Photography 101 Final Test. Chevrolet Malibu

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Having learnt (hopefully) from my previous mistakes, this time I am working with a much shallower depth of field and closer cropped frames in order to draw attention away, slightly, from the backdrop and keep the Chevy as the focal point. With this I should hopefully find a 50:50 balance between subject and landscape, a key ratio in automotive photography. Remembering my lessons with the silver Passat Sport, I’m also using the shadows as well as the flashes to alter the perspective: keeping a proportion of the saloon out of direct sunlight allows some of the finer details like the bodylines to stand out, and not just disappear into the reflective silver ether.

One location and three shots down, I decide to mix up the series by changing locations for my final three shots, and a nearby staircase is ideal. It allows me to experiment with a dimension I’ve only hinted at during the series, namely shooting from above. Again, it’s a tricky art to perfect. With so few details to work with on the roof, the Malibu can appear flat against the backdrop if not treated correctly. To counter that, I throw some forced perspective into the foreground by making use of the stairs’ geometric nature and the shadows bouncing off them. It’s a bit MC Escher, but it gives the shots a nice look.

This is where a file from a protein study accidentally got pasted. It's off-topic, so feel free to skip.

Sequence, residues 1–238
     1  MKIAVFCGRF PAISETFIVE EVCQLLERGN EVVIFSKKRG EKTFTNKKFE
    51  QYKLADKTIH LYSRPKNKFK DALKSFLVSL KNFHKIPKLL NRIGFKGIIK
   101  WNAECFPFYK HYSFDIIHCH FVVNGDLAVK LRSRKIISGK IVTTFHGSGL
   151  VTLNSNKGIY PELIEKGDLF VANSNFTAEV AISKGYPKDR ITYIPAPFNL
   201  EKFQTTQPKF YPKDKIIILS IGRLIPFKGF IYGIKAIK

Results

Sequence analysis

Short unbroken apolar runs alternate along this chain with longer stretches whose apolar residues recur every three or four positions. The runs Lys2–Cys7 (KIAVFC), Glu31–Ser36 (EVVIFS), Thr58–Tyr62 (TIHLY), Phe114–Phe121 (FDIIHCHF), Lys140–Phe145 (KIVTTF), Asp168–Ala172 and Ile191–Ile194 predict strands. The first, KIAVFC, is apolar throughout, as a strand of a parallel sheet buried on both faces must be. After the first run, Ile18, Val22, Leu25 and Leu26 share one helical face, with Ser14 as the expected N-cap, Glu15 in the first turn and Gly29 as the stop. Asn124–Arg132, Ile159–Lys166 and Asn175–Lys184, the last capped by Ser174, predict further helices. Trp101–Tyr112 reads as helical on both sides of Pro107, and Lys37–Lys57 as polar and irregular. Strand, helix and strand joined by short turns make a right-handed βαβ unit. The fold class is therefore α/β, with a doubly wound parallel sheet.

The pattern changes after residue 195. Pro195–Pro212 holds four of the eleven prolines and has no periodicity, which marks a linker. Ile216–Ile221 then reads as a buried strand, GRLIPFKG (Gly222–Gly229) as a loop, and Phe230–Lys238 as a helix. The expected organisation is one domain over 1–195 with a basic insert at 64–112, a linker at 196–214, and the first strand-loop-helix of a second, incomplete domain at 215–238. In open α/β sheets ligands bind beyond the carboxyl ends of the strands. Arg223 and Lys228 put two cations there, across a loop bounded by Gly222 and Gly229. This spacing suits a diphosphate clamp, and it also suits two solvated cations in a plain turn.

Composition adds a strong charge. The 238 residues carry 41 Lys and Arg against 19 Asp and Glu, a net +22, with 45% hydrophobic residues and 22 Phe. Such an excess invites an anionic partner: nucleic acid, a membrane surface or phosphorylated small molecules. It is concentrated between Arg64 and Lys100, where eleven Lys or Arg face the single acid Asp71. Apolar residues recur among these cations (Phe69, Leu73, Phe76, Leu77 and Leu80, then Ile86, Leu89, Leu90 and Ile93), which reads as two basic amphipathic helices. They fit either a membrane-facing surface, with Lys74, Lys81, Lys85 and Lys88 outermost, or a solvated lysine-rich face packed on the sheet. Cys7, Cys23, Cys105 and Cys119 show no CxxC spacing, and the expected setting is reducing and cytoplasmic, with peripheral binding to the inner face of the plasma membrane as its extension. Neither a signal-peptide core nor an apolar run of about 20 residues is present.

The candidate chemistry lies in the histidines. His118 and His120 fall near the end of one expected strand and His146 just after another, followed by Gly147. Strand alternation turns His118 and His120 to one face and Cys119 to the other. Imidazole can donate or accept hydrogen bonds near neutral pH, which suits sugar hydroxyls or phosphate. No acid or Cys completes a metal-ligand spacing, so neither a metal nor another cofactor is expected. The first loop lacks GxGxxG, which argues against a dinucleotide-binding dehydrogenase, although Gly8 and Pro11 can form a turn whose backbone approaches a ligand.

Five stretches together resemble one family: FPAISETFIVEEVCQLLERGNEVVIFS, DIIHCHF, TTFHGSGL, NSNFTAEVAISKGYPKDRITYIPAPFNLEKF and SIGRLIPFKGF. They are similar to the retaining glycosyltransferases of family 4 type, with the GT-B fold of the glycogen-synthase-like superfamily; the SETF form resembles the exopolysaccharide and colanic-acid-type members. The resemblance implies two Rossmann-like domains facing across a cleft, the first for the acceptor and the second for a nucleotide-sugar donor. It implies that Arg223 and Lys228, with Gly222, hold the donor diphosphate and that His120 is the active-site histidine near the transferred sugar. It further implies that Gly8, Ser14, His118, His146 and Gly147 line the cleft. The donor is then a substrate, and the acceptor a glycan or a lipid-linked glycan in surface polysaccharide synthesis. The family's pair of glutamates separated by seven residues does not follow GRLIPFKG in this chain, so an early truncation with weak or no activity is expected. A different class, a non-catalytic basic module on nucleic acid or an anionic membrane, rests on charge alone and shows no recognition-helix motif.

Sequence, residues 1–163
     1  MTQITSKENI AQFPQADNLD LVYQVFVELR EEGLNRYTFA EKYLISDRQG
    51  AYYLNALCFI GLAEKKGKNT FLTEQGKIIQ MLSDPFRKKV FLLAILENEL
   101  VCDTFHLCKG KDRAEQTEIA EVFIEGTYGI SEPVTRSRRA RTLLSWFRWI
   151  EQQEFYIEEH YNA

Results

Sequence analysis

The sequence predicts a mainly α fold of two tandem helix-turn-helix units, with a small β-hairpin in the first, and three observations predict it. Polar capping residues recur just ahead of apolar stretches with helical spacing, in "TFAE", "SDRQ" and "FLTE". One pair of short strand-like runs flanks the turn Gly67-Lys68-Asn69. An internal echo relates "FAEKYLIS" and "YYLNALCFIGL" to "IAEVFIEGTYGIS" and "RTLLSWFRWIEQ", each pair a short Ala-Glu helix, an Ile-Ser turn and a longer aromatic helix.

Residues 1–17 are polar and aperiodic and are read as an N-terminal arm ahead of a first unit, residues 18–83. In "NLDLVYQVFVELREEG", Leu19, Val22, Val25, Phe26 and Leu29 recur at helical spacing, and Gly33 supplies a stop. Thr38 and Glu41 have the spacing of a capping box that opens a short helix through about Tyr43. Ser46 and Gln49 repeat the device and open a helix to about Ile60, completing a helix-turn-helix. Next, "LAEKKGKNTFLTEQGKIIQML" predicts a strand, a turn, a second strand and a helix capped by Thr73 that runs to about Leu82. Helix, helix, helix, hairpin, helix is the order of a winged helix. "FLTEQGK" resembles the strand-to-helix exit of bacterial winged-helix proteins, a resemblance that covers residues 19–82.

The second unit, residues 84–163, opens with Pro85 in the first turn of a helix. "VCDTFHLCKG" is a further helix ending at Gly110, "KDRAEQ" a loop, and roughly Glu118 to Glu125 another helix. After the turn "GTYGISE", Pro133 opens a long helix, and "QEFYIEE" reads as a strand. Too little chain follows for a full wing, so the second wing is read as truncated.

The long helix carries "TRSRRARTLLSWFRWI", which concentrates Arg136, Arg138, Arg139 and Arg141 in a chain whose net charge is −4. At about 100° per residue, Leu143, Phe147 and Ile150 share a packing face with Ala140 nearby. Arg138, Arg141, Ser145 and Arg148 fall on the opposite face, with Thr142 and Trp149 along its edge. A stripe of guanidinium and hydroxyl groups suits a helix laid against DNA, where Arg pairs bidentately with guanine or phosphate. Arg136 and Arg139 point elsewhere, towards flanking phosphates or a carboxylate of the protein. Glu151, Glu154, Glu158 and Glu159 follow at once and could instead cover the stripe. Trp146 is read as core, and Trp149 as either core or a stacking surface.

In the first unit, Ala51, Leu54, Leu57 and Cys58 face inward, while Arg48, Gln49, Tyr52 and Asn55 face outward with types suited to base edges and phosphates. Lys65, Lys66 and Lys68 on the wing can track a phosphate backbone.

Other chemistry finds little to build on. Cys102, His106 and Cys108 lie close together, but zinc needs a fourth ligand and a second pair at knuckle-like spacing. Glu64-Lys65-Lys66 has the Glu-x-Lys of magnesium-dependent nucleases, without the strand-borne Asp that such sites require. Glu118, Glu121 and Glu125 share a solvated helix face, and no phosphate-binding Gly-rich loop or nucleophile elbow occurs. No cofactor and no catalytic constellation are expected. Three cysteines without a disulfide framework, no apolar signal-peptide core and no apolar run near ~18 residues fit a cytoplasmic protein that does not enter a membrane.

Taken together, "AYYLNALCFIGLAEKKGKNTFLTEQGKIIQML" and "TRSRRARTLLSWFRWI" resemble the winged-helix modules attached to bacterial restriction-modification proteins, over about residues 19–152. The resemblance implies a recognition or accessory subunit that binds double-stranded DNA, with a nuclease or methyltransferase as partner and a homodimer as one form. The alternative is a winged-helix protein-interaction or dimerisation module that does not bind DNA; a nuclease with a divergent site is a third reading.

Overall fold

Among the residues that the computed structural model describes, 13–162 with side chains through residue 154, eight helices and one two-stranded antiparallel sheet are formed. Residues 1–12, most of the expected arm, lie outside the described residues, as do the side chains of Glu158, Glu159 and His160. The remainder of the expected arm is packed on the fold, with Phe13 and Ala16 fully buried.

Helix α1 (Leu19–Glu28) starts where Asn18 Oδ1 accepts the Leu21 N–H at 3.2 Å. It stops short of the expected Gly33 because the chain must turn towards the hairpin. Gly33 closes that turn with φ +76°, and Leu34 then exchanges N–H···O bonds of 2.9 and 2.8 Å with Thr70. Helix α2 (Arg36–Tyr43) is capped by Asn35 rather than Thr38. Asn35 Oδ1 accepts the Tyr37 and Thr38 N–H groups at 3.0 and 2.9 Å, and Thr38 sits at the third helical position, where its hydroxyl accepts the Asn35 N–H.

One other problem though is much more down to earth: cramp. Even though I remember to hold my breath whilst taking a shot (which stops the lens moving up and down), several frames that I take back-to-back are very different. In some, the Malibu has shifted in the frame by as much as two inches, simply because small vibrations through my arms have pushed the lens askew. I remedy this by lining up the crosshairs in the lens with part of the backdrop as well as using my palm against the body of the camera for a more solid base. It sounds simple, but standing perfectly still is one of the most difficult tests I’ve faced yet. And since some, if not most, of these shots have been taken whilst I’m kneeling down, my knees soon start to feel the strain.

By the end of a long morning’s work, I have seven images, a stiff back, a ruined right kneecap, a forehead slick with perspiration, a shirt that’s changed colour, a brain no longer capable of reciting the alphabet, and a set of behind the scenes photography that could describe ‘knackered’ in the dictionary. It’s all incredibly draining, and this challenge has given me a fresh perspective on life behind the lens. It’s so much more than point and shoot, and I’m fully aware I still have years to go before I’m even close to being semi-professional. But at the same time, I’ve learnt a lot about the fineries of lighting, balance, perspective, and depth of field. Working with natural light is hard enough, and throwing artificial lighting in as well is an incredibly complex balancing act. And while it is still quite rough, I really am very proud of my finished Chevrolet Malibu set, which I feel shows the car in a light I would have been unable to replicate just one month ago. As far as three short lessons go, I’d say it’s been a success.

But of course, that’s for you to decide.

– If you want to check out a full crankandpiston photoshoot of the Chevrolet Malibu, just click HERE.

Chevrolet Malibu LTZ
Engine: Inline 4cyl / 2384cc
Power: 263hp @ 6900rpm
Torque: 166lb ft @ 4600rpm
Transmission: Six-speed automatic
Front suspension: MacPherson strut
Rear suspension: Four-link
Brakes: Four-wheel ABS
Wheels: 17-inch front and rear
Tyres: N/A
Weight (kerb) N/A
0-100kph: 10.2sec
Top speed: 206kph

Categories: Lifestyle


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